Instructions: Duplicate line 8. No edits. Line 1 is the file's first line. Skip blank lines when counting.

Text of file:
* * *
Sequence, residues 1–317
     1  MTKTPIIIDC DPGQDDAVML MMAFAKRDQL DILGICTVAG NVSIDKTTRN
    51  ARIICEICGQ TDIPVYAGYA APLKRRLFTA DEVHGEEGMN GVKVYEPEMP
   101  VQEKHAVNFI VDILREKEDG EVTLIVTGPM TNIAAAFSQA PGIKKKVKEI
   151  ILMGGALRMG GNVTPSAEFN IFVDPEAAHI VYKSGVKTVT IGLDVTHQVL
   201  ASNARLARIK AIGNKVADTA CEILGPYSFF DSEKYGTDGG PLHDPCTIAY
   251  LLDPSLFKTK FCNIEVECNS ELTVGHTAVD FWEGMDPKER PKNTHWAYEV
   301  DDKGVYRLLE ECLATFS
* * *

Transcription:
   301  DDKGVYRLLE ECLATFS